Researchers at the Burnham Institute for Medical Research (Burnham) have discovered that reactive oxygen species, such as superoxide and hydrogen peroxide, play a key role in forming invadopodia, cellular protrusions implicated in cancer cell migration and tumor metastasis. Sara Courtneidge, Ph.D., professor and director of the Tumor Microenvironment Program at Burnham’s NCI-designated Cancer Center, and colleagues have found that inhibiting reactive oxygen reduces invadopodia formation and limits cancer cell invasion.
The study was published on September 15 in the journal Science Signaling.
In a companion paper, published in the same issue of Science Signaling, Gary Bokoch, Ph.D., of The Scripps Research Institute, in collaboration with Dr. Courtneidge, found that the proteins Tks4 and Tks5, commonly expressed in cancer cells, are functionally related to p47phox, a protein found in phagocytes that is part of a complex that is instrumental in producing reactive oxygen to mount an immune response.
“Reactive oxygen has a complex cellular role,” said Dr. Courtneidge. “Normal cells use reactive oxygen to signal, grow and move. Immune cells, such as neutrophils, produce reactive oxygen to destroy bacteria. Now we find that reactive oxygen is necessary for invadopodia formation, which allows cancer cells to become metastatic.”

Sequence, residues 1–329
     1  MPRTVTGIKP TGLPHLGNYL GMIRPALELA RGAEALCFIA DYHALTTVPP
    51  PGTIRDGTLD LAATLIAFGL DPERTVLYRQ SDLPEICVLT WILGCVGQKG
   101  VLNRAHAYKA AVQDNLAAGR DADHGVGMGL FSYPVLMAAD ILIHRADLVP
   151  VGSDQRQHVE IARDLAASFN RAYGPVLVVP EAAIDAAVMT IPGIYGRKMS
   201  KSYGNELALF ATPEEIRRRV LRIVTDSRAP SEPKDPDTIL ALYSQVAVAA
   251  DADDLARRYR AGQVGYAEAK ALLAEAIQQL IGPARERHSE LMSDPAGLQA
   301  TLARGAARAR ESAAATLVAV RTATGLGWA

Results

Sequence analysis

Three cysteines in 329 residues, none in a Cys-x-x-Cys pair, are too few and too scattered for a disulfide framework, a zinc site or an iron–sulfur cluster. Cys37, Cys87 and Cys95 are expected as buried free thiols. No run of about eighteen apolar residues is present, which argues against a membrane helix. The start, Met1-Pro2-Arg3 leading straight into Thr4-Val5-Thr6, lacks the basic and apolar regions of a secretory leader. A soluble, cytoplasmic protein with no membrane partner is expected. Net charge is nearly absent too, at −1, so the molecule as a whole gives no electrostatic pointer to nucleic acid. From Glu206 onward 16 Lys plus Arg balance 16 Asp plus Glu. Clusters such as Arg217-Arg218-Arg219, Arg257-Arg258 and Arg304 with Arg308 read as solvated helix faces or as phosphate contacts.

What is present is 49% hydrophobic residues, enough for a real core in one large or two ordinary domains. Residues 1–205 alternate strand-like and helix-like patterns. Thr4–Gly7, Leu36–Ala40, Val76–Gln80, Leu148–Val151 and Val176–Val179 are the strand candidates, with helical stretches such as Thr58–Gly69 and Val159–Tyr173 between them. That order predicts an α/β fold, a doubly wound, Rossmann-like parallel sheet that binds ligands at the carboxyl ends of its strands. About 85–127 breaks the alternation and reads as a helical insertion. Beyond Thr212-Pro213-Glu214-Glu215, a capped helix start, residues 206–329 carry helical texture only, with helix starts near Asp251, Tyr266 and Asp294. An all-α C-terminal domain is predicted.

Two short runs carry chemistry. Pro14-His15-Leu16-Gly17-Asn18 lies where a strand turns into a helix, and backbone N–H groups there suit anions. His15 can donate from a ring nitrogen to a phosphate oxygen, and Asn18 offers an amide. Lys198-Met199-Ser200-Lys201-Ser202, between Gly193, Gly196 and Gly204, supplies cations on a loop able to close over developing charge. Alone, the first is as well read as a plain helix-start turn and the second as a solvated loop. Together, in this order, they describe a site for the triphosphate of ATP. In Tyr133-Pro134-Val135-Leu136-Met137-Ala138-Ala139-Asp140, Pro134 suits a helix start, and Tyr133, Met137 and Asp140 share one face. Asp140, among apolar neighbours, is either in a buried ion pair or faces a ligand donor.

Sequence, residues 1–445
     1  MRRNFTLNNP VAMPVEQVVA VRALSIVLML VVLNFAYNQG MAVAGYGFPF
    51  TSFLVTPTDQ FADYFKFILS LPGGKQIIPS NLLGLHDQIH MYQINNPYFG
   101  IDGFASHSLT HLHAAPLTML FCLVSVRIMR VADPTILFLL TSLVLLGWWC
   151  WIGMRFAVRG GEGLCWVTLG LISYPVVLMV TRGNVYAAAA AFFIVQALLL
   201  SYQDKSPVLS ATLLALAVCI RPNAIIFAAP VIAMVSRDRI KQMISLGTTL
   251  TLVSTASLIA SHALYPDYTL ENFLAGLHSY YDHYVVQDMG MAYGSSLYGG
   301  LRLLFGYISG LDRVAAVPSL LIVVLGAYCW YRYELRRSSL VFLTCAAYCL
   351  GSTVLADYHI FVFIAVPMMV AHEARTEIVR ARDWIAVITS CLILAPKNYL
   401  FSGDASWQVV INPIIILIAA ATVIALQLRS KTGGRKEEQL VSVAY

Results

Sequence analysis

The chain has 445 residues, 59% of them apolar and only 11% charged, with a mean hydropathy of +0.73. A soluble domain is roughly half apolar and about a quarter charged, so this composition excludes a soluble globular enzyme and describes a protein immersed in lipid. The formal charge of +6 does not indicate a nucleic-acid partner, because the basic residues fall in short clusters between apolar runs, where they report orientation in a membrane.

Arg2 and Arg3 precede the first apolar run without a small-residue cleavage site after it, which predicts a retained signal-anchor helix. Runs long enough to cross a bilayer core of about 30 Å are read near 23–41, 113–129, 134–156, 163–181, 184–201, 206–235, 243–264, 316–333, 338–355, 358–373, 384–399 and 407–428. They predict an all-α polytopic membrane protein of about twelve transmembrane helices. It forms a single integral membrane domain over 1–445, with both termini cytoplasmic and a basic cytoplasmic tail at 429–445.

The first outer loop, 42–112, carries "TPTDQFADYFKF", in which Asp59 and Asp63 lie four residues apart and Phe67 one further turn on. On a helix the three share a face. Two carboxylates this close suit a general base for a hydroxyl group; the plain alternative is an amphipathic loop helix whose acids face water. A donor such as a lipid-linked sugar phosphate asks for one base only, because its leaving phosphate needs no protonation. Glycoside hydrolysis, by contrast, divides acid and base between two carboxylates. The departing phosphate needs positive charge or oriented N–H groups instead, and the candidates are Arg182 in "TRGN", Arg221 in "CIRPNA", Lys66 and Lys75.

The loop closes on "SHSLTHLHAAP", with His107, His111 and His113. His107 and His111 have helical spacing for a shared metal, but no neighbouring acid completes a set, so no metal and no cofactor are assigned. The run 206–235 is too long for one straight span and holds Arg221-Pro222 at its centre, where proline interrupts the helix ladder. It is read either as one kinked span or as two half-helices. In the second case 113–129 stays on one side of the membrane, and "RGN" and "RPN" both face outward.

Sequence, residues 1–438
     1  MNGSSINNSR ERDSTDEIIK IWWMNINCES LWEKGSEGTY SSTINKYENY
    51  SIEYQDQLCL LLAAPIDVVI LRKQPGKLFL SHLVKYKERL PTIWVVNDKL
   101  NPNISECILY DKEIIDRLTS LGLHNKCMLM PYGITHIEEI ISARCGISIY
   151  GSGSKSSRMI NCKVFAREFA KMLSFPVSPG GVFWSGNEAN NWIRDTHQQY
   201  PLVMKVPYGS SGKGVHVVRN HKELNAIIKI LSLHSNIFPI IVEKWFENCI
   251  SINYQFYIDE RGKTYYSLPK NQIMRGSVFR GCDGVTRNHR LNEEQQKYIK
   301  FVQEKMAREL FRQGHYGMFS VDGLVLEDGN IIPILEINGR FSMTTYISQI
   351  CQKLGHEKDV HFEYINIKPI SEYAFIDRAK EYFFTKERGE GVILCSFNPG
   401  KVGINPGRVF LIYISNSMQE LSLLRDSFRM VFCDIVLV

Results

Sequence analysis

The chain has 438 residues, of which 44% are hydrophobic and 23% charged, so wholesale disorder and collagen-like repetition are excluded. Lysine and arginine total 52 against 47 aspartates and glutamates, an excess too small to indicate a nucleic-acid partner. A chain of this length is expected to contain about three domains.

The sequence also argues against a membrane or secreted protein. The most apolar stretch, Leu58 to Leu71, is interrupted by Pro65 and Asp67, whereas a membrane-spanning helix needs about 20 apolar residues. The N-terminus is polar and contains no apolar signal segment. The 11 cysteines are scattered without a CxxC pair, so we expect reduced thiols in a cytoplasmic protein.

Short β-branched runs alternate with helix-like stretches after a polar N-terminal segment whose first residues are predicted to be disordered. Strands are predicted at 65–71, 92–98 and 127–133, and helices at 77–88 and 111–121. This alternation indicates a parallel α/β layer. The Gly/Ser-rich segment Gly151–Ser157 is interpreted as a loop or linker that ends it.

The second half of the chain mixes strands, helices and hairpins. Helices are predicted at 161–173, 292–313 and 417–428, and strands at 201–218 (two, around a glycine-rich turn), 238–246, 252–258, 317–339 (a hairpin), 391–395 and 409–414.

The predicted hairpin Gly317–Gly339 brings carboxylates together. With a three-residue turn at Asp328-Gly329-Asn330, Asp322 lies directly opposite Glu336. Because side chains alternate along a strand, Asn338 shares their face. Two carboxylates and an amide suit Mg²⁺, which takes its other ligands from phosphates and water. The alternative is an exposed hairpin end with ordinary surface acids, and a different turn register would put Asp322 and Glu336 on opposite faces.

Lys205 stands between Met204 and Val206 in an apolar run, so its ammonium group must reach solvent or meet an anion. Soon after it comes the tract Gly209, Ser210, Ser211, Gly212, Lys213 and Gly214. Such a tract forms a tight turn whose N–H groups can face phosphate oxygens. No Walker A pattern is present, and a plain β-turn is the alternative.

Invadopodia facilitate cancer cell migration by breaking down the extracellular matrix that normally keeps cells in place. In previous research, Dr. Courtneidge discovered that Tks5 is crucial for invadopodia formation. The structural similarities between Tks5 and p47phox, which is part of the NADPH oxidase (Nox) system, led Dr. Courtneidge to consider the role reactive oxygen plays in invadopodia formation.
Using invadopodia-rich mouse fibrosarcoma cells, the Courtneidge laboratory tested a number of antioxidants and found both a marked reduction in invadopodia formation and invasive behavior. In addition, the team inhibited expression of Nox family enzymes with siRNA and had similar results, demonstrating that NADPH oxidases are involved in invadopodia formation. The scientists repeated these experiments with human melanoma, head and neck and breast cancer cell lines and also saw a marked reduction in invadopodia formation.
With the discovery of reactive oxygen’s role in invadopodia formation, researchers have additional possibilities for drug intervention. Future research and drug development may focus on inhibiting NADPH oxidase activity and limiting invadopodia formation to prevent cancer cell migration.
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